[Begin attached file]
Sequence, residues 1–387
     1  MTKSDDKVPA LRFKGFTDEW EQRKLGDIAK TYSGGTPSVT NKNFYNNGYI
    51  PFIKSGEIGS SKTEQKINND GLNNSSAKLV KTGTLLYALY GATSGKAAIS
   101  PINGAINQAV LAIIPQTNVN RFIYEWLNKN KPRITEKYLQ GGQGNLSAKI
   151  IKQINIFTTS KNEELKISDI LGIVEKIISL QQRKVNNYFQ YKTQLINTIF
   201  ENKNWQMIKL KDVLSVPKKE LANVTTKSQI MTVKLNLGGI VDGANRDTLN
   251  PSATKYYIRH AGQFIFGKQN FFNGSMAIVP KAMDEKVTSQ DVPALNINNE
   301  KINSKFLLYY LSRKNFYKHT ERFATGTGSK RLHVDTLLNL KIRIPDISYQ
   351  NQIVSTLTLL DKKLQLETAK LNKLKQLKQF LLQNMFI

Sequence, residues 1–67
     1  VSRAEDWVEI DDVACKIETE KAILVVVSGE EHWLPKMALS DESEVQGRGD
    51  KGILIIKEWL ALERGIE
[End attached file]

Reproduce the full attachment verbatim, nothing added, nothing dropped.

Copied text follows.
Sequence, residues 1–387
     1  MTKSDDKVPA LRFKGFTDEW EQRKLGDIAK TYSGGTPSVT NKNFYNNGYI
    51  PFIKSGEIGS SKTEQKINND GLNNSSAKLV KTGTLLYALY GATSGKAAIS
   101  PINGAINQAV LAIIPQTNVN RFIYEWLNKN KPRITEKYLQ GGQGNLSAKI
   151  IKQINIFTTS KNEELKISDI LGIVEKIISL QQRKVNNYFQ YKTQLINTIF
   201  ENKNWQMIKL KDVLSVPKKE LANVTTKSQI MTVKLNLGGI VDGANRDTLN
   251  PSATKYYIRH AGQFIFGKQN FFNGSMAIVP KAMDEKVTSQ DVPALNINNE
   301  KINSKFLLYY LSRKNFYKHT ERFATGTGSK RLHVDTLLNL KIRIPDISYQ
   351  NQIVSTLTLL DKKLQLETAK LNKLKQLKQF LLQNMFI

Sequence, residues 1–67
     1  VSRAEDWVEI DDVACKIETE KAILVVVSGE EHWLPKMALS DESEVQGRGD
    51  KGILIIKEWL ALERGIE